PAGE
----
Industry: In 2019, a report by the World Bank claimed polluted water is reducing economic growth by up to a third in some countries.
The report used one of the biggest databases ever assembled on global water quality from monitoring stations, satellite data, and machine learning models. Making the point that clean water is essential for economic growth, it went on to explain how a deterioration in water quality diminishes human health, impedes the production of food, and exacerbates poverty. All of which impact economic growth.
Fortunately, as with most damage humanity inflicts on the environment, there are actions that can be taken to prevent unnecessary water pollution. As a business, you can:
Traditionally, businesses could not choose where they got their water from. This changed in 2017 when the English water market was deregulated. In other words, you now have a choice.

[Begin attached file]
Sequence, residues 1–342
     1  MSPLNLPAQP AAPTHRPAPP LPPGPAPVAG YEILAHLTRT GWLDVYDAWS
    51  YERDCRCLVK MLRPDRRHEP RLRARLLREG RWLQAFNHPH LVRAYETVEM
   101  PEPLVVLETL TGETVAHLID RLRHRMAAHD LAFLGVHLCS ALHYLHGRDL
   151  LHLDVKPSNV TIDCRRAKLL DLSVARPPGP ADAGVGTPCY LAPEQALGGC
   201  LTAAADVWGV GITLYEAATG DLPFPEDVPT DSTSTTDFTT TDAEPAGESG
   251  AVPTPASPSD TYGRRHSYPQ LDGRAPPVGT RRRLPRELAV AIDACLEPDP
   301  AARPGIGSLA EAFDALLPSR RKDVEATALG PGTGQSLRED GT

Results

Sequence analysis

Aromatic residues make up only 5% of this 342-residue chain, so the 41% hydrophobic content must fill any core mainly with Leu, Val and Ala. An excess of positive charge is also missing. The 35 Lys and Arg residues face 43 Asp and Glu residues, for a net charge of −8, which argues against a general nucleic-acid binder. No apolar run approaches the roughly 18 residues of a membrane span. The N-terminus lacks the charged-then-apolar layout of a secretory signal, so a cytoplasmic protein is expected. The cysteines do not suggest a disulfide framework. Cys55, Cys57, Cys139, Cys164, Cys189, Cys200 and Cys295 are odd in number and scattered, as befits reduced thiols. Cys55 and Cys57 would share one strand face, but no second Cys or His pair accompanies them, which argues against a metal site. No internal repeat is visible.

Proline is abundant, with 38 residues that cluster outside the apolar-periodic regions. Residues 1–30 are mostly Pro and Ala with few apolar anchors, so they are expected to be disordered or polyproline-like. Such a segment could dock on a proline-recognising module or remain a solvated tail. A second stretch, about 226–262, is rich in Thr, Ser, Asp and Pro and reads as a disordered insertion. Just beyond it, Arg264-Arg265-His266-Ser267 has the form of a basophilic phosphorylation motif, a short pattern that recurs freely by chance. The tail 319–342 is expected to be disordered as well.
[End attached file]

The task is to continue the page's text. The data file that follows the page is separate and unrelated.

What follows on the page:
The water sector is monitored by the regulatory authority, Ofwat, and all organisations can now compare business water suppliers and choose the best business water supplier for their needs.
For further information, contact Tariff.com today.
At Tariff, we’ve made a firm commitment to helping businesses from all sectors adjust their energy usage habits. We have extensive experience in securing businesses the best possible deal on their gas and electricity, as well as preparing them for the looming 2050 deadline for net-zero emissions.
Whether you’re uncertain of your business’ future in energy, or you’re ready to make the move to a cleaner and brighter future, get in touch with our knowledgeable team today to find out how Tariff can help your business begin its green journey.